Archive for the Recipes Category

Rice Bread

Posted in Recipes on July 13, 2008 by cbucholz

Growing up I always remember a pot of rice on the stove. My mom, being half Japanese, made sure of this. Rice was an essential part of her childhood and she bestowed that appreciation for the tender grain in my sisters and me. The first thing I remember how to cook was rice. No fancy rice cookers were involved, simply a pot, some water, and rice. There is a very specific way to cook rice, according to my mom. To master that skill was the first step of initiation into our home kitchen.

First, place the rice in the pot and rinse it a couple of times with fresh batches of water. Next fill up the pot with water so that the rice is covered by an amount of water equal to the length between the tip of your finger and the midpoint between the two most distal knuckles. My little sister had a line, or wrinkle, if you will, there. This, my mom sagely averred, was her “rice line,” a useful physical trait for the task at hand. With the rice covered, place the pot without a lid on the stove and bring the water to a boil. Then, turn the heat down to low, cover the pot, and let the rice simmer until all the water is absorbed, but not any longer! (We always knew when my little sister made the rice because the bottom was burnt.)

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Rosemary Olive Oil Sourdough

Posted in Recipes on July 10, 2008 by cbucholz

I have always been an avid gardener and was thrilled that this summer I would be in one place long enough to take care of one. Located in the foothills of the Rocky Mountains in Teller County Colorado, my home this summer is perched on a windy ridge at 9,000 feet. I thought the greatest obstacles I would have to overcome were high winds and lack of moisture in the air. These, however, I believed I could combat readily by bringing inside my plants during particularly vicious windstorms and watering daily. So, I naively went about planting a container garden on my back deck consisting of two tomatoes, a bell pepper, some sweet potatoes, salad greens, and various fresh herbs. And then I waited for my bountiful harvest.

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Backpacking with Bread

Posted in Musings, Recipes on July 4, 2008 by cbucholz

Backpacking and camping trips require creativity to create meals that are both delicious and satisfying, but also quick and convenient. Often, however, the quality of bread or baked goods on these trips is compromised for durability and ease of packing. This usually means that poor quality tortillas and crackers are standard fare when out in the backcountry. Last week I was backpacking and climbing in the Sangre de Cristo mountain range of southeastern Colorado. When planning for the trip I made it an imperative to bring good quality bread along with me that was both nourishing and would stay fresh for the entire week that I was out. I also wanted to bake something that was appropriately ‘summer’-ish.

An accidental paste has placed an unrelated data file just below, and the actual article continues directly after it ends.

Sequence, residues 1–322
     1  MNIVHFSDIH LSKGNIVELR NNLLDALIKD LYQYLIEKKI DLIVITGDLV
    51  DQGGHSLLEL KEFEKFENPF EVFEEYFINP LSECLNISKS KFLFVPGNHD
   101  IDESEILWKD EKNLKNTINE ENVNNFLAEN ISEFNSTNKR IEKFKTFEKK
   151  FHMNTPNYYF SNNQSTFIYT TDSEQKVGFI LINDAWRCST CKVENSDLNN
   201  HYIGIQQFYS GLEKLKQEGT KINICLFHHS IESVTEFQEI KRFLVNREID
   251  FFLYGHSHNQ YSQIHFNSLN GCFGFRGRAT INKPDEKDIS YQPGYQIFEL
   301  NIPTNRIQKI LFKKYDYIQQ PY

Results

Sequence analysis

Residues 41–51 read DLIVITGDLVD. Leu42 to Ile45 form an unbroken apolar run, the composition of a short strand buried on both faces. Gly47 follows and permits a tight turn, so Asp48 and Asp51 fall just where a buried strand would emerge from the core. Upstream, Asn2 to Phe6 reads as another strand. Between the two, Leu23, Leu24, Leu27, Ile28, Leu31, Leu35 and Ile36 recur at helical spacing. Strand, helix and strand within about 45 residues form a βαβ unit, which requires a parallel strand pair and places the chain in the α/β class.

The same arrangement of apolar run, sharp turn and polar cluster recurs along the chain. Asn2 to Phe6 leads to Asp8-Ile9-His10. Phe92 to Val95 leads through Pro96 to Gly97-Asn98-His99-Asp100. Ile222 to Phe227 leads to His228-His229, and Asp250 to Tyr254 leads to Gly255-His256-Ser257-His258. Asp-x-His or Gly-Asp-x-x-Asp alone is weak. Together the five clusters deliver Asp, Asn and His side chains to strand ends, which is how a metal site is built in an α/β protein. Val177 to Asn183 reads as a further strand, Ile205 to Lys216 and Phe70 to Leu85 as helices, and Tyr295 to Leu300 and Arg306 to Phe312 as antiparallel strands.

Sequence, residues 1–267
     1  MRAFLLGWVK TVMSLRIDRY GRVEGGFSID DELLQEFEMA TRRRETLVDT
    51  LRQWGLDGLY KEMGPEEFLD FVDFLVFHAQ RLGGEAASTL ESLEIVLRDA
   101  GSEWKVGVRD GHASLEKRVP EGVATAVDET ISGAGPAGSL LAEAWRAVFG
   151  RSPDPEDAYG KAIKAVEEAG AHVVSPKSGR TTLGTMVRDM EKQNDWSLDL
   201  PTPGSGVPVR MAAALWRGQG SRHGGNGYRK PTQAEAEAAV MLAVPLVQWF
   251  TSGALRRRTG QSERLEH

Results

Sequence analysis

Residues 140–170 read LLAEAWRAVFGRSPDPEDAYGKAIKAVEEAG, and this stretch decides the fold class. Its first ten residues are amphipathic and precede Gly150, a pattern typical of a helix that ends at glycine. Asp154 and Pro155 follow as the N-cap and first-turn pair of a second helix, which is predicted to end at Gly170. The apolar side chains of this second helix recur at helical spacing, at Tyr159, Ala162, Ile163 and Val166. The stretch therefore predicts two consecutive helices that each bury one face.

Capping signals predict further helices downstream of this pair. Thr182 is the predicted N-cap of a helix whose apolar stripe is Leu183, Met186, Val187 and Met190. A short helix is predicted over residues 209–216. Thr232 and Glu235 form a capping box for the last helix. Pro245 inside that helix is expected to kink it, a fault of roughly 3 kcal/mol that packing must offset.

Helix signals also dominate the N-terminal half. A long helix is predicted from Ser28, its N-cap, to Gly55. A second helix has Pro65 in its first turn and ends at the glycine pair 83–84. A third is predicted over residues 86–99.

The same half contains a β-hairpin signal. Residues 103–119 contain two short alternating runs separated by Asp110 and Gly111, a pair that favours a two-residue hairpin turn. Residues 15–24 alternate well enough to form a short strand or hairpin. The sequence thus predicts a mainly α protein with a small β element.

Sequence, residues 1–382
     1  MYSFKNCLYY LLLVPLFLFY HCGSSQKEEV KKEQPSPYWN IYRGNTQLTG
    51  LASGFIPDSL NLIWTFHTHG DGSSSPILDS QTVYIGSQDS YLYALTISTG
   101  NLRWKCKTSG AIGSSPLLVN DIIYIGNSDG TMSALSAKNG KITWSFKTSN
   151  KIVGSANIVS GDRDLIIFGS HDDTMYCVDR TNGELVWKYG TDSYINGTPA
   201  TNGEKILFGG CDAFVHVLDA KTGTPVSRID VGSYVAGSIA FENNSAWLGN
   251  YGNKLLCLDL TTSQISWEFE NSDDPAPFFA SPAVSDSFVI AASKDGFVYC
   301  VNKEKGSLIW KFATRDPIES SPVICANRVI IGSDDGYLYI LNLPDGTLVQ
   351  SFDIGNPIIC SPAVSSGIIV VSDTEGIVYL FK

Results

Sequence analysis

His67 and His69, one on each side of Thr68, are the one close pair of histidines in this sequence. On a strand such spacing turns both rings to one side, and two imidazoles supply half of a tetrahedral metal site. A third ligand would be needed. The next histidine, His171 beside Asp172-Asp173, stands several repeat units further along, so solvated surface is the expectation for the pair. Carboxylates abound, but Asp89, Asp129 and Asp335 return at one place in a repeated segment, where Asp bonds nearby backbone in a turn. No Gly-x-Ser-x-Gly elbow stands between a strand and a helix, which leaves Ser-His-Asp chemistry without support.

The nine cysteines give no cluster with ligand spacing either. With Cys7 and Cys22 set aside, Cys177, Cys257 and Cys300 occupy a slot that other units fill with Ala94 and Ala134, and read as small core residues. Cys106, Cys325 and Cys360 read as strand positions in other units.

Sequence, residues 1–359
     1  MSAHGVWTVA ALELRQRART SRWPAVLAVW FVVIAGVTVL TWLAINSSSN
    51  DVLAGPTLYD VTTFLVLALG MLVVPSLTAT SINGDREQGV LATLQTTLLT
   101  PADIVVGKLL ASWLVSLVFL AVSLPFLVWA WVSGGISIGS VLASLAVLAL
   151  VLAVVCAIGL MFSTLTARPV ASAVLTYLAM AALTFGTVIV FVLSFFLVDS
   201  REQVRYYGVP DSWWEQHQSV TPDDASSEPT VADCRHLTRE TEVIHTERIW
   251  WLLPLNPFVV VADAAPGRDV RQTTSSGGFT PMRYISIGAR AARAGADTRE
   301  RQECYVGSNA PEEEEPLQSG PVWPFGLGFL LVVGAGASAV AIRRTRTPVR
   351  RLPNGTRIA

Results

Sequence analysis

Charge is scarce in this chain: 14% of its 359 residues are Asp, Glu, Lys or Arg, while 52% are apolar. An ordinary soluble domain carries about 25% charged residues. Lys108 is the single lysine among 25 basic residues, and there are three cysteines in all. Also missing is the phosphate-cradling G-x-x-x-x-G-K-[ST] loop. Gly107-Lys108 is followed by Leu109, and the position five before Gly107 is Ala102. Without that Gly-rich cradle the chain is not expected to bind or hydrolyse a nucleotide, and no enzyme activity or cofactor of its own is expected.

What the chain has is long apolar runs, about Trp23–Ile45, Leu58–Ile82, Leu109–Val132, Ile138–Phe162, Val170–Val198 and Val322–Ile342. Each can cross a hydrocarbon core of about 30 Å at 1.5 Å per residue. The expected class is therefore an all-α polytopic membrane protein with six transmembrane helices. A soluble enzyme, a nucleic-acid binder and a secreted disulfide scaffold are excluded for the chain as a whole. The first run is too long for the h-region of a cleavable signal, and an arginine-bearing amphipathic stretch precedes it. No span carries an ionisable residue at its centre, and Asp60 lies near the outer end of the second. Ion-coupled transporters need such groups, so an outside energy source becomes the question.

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Buns for my Burgers

Posted in Recipes on June 23, 2008 by cbucholz

As a vegetarian, I am always looking for that perfect veggie burger. Preferably, it has a crisp crust with a moist center, is loaded with beans and vegetables, is slightly spicy, and should be good enough to eat plain. The other day I made some delicious sweet potato-black bean burgers. While I certainly could have eaten these straight up, I was hankering for a good bun to accompany them. Unfortunately, good buns are few and far between these days. The supermarket yielded no good choices. Most of the options there were plain, white, pasty, and loaded with high fructose corn syrup. But, rather than being discouraged, I was challenged and intrigued to make my own buns for my own burgers.

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A Lesson on Steaming

Posted in Musings, Recipes on June 21, 2008 by cbucholz

I’ve learned that it is very dry at this altitude. My hands are constantly chapped, the cuticles catching on everything I touch and pulling painfully. I guzzle down water, glass after glass. I apply chapstick in copious amounts. But, in addition, I’ve also discovered this with my last loaf of bread. I stuck the loaf in the oven, poured probably a half-cup of water into a pan at the bottom of the oven, and then let the yeast do their magic. I came back after 15 minutes, expecting to see a blossomed loaf, the result of the fervent activity of the yeast before their hot and steamy death, but instead saw a pitifully flat-looking loaf that had already developed a stiff crust. I had thrown this recipe together as a whimsical experiment, so I figured that this recipe was just a failure and this loaf wasn’t going to be an all-star. I went off to do other things for the remainder of the bake time and when I came back I found a loaf with a protruding, lobate anomaly. It looked almost like a stuck-out tongue, the loaf mocking me for some oversight or misstep.